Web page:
If I am being honest, the last time I put pen to paper was sometime in early 2007. Right before The Epic Recession when one didn’t think twice about opulent things like embossing and postage. My last written correspondence was so long ago, in fact, that when I recently moved to SoHo, my box of costly, custom note cards went into the recycling bin and I wondered whether I should actually have new ones made. I didn’t, and of this, I am slightly unproud.
Thoughtfulness notwithstanding, having and sending your own monogrammed stationery is a luxury denoting superhuman levels of organization, good manners and time management. Some people are very good at this. For example, Vanity Fair editor Graydon Carter hand writes a pithy note of thanks to every contributor and gift giver. On beautiful GC stationery. It is a thing of great surprise for those recipients, a coveted note from a super busy and important person.
Equally impressive is receiving a card from someone not very busy, but very important, like HRH Prince Charles (my friend just showed me her personal letter of thanks from His Royalty for doing some charity work at a public garden). Better still, is the card I received from a 4-year-old godson who hadn’t learned to write yet, but scrawled illegible thanks on his tiny person’s stationery. All the above are coveted written artifacts to be tucked into the mirror above the mantel and savored. You can’t frame an email. Well I guess you can…but still, not the same.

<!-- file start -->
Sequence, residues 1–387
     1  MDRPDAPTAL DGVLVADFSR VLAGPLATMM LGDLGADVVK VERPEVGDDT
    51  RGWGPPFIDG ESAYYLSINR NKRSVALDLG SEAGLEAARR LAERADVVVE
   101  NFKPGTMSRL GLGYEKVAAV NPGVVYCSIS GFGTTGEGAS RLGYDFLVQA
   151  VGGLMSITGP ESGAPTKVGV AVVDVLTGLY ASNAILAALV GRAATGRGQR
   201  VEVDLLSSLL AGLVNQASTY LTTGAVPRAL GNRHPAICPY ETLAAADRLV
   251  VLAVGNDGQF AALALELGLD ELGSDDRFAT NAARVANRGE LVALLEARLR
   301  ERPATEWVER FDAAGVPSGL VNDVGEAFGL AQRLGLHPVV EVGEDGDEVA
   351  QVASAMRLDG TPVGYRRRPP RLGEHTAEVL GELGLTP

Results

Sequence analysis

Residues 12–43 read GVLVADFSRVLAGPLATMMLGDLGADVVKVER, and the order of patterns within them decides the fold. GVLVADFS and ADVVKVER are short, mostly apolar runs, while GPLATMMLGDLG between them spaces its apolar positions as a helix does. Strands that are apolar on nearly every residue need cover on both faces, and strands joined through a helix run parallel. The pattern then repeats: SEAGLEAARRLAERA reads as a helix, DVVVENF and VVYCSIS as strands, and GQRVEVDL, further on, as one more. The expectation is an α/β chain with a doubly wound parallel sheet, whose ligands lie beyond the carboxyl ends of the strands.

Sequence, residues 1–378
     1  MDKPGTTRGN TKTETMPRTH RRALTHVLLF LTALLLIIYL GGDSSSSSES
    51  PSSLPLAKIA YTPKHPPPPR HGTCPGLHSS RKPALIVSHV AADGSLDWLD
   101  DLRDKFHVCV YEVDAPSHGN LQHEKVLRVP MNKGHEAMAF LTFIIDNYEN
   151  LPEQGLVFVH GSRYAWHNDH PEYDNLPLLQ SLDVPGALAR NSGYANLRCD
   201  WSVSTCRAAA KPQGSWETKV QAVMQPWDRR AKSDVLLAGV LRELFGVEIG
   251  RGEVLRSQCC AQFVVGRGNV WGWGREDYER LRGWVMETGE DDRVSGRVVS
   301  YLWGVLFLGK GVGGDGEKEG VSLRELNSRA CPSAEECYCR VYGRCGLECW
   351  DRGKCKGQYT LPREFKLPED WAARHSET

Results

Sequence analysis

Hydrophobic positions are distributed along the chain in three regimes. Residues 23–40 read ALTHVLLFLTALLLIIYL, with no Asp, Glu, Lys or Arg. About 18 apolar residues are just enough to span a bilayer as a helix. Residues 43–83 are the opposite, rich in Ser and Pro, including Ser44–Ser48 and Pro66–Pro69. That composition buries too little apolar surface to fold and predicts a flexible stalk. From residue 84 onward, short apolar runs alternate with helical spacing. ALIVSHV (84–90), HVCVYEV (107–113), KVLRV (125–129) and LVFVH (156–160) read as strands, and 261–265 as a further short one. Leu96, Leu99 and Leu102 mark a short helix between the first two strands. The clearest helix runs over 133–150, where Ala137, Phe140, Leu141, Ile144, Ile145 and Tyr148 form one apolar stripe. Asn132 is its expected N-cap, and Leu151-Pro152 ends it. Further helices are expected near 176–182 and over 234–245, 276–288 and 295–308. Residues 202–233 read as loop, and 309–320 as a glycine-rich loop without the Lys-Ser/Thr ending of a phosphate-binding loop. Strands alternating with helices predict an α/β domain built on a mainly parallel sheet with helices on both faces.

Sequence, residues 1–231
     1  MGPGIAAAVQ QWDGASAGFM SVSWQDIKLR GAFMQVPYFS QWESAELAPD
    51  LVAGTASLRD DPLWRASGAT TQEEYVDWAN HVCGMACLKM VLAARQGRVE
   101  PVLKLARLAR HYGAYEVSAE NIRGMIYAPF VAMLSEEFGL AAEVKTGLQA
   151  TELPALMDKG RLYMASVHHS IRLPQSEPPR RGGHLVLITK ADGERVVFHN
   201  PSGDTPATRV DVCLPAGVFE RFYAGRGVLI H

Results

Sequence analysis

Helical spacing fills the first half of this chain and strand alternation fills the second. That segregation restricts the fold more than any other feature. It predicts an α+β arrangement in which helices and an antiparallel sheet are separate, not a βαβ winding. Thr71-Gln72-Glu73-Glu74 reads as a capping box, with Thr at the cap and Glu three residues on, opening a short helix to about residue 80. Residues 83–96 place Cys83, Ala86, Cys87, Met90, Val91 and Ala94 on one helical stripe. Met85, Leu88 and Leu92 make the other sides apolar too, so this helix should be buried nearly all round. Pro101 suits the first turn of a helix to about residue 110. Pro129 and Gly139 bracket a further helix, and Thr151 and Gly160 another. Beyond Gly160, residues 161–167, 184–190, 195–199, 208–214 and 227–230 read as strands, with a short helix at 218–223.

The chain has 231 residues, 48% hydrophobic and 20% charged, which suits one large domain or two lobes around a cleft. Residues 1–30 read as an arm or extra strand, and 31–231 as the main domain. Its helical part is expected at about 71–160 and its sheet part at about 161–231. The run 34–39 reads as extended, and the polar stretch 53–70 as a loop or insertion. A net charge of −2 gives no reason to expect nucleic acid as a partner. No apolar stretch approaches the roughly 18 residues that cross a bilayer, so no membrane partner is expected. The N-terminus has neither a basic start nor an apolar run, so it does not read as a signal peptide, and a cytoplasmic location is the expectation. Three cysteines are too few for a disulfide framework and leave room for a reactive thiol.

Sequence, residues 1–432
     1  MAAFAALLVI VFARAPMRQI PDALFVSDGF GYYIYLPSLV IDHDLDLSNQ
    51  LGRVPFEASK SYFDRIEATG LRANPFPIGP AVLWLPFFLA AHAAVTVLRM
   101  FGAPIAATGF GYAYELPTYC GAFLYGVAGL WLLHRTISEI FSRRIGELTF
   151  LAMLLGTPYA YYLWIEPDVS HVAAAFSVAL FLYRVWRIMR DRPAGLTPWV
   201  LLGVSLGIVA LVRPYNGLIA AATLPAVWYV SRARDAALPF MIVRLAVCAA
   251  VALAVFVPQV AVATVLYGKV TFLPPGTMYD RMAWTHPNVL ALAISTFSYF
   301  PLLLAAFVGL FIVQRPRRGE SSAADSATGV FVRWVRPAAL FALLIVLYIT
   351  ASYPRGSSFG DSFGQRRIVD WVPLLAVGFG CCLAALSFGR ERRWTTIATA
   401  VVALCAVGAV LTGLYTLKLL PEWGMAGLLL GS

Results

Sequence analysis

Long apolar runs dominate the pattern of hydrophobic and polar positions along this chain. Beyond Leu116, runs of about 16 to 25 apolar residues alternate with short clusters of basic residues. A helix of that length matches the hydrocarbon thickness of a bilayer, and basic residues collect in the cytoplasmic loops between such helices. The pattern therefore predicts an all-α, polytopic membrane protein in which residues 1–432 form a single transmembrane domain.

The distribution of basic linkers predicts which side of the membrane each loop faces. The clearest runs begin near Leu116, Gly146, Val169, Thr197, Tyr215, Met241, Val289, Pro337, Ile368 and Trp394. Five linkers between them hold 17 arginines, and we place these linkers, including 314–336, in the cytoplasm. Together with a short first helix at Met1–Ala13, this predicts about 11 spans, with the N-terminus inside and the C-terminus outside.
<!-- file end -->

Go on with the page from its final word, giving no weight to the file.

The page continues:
A FEW NOTES ON WRITING
In case you were wondering: A slash through a surname means your friend, not an acquaintance, is writing.
For custom-stationery longevity: Omit your address on the envelope and simply put your name or monogram—now you can move as many times as you want and keep the same cards.
If you are at a loss for words: Just scrawl out a huge thanks. Still mantel-worthy.
The time is nigh for writing thank-you notes. I have requested my mother-in law give me the gift of Sara Ruffin Costello stationery this year. Hint: Cards by Mrs. John L. Strong, please. Servicing those both chic and cool—from the Duke and Duchess of Windsor to photographer Bruce Weber—Mrs. John L. Strong is the dernier cri in bespokery. I was delighted to learn this venerable old company, the best in the business of custom stationery, had been rescued from bankruptcy and extinction by Southern business belle Jacqueline Kotts. When in New York, it is worth a visit to their jewel-box showroom on Madison Avenue, where you can choose from the totally amazing 80-year-old archive or design something a bit more modern. If you get your act together soon, you can actually have something made up in time for gift giving and thank-you note writing. This year I intend to do both with unprecedented timeliness.
—Sara Ruffin Costello is a design consultant and style journalist in New York.
Good to remember… or to know.